These 5 photos from James Webb Space Telescope will blow your mind.
This week, NASA unveiled five images from the James Webb Space Telescope for the first time.
The combination of these photographs, which range from the formation of stars with one of the most in-depth views into the farthest reaches of space, provides several of the most illuminating vistas of the origins of our universe yet seen.
Here's what each image depicts :
1. SMACS 0723
Webb's cameras can see deep into space as well as far back in time. The furthest distance we have ever observed in space is 13.6 billion light years, which Webb is capable of seeing. There are millions of galaxies in this view of the SMACS 0723 galactic cluster, many of which are 13 billion light years. (A light year is approximately 6 trillion miles.) We are not viewing the galaxies as they seem right now, but as they were 13 billion years ago since sunlight takes a very long time to reach such a great distance. Bluer galaxies are older, with more stars and less dust. The redder galaxies have more dust, which is still generating stars.
2. Carina Nebula
The 7,600 light-year-distance Carina Nebula is one of the universe's largest star nurseries. Stars, like people, are born, grow older, and eventually pass away. The huge peaks of clouds of gas and dust, some of which are as high as seven light - years from earth, that resemble cliff formations. Carina had already been seen by the Hubble Space Telescope, but never in the stunning detail that Webb has presented. Young stars are forming in this tumultuous area, merging from the surrounding material. As stars develop, they emit vast quantities of energy, which contribute to the overall structure of the nebula. The red spots in the picture represent energy jets released by the developing stars.
3. Stephan’s Quintet
The five galaxies known collectively as Stephan's Quintet were originally observed by astronomers in 1877, and Webb obtained the best photograph of it ever. The group of five is arguably more of a quartet since the leftmost galaxy is in the foreground and is just 40 million light years away from Earth, whilst the other four are 290,000,000 light years away. Dust and stars are gravitationally dragged from one to the other in the four densely packed galaxies, mixing their materials. In the picture, clusters of newborn stars appear as dazzling sparkles, while hundreds of distant galaxies can be seen in the distance.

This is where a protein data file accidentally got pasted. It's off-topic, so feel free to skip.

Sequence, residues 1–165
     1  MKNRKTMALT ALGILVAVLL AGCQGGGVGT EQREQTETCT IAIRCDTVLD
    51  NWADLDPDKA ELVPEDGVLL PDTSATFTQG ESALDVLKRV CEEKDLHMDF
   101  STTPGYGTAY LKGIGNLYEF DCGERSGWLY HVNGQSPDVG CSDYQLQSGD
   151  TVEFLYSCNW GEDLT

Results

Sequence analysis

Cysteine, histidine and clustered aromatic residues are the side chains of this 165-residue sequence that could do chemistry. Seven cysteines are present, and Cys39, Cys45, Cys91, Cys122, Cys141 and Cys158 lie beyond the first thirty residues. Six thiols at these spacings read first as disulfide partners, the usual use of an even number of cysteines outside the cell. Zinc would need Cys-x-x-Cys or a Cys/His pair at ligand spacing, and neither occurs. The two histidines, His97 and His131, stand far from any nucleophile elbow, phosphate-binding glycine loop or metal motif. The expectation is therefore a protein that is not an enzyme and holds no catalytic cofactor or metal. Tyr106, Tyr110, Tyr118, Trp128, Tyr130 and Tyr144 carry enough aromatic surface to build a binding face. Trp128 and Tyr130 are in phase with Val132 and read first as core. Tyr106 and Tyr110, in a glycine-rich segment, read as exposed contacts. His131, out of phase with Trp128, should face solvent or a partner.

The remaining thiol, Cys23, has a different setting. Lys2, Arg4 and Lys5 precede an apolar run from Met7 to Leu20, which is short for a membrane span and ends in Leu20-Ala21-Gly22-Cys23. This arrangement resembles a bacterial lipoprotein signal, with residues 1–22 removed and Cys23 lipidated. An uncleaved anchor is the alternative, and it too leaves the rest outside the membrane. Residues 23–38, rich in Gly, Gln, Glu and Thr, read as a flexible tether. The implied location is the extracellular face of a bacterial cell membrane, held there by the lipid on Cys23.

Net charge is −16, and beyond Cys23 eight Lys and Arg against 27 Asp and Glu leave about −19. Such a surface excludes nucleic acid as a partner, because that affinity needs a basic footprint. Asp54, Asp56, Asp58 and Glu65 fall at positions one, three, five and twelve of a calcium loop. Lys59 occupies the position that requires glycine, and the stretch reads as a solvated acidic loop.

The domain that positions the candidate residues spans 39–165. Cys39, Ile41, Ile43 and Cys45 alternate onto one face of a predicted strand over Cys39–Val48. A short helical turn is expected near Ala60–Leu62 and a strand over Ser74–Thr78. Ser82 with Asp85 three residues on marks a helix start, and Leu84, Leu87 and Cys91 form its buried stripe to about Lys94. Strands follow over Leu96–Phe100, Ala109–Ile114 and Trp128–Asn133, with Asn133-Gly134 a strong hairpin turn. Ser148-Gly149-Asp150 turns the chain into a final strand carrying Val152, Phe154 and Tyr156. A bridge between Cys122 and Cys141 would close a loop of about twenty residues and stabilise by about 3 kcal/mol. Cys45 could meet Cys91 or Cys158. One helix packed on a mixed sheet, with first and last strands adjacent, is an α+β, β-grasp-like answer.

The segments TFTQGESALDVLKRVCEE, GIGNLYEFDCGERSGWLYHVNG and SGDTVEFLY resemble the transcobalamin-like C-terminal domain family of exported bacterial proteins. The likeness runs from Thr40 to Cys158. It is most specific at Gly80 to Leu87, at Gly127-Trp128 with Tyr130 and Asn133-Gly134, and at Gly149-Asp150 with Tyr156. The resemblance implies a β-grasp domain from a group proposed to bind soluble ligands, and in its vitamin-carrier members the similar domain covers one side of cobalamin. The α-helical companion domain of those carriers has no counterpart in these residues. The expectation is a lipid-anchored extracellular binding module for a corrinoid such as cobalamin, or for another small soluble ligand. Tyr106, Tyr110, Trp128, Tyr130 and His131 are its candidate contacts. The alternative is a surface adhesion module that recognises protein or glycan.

4. Southern Ring Nebula
It's remarkable how beautiful dying stars can be, and two of them may be twice as impressive. Webb photographed these pair of old stars circling each other about 2,500 light years away from Earth. Nebulae, or clouds, which encircle dying stars are created by the gas and dust that they release as they approach their end of their life. In addition to taking pictures of the Southern Ring Nebula, Webb can also study its chemistry to learn more about how stars lose their outer layers as they age. The younger and less developed of the two stars, which is brighter, has not yet produced as much material emission. The gaseous nebula is stirred by the stars as they move around each other, giving it its distinctive appearance.
5. WASP 96 b
A scientific graph isn't as visually appealing as a cosmic photograph, but in this case, the graph tells a tale. Webb is researching exoplanets, or worlds that orbit other stars, specifically the composition of their atmospheres. Webb can examine the starlight passing through the planet's atmosphere as it approaches its parent star, searching for the chemical signatures of life. The planet WASP 96 B, which is 1,150 light years away from Earth and resembles Jupiter, was the subject of Webb's analysis in the graph below. Although Webb did not discover any biological organisms, it did discover lots of fluids in the planet's clouds, and water is essential for the existence of all sustaining life it.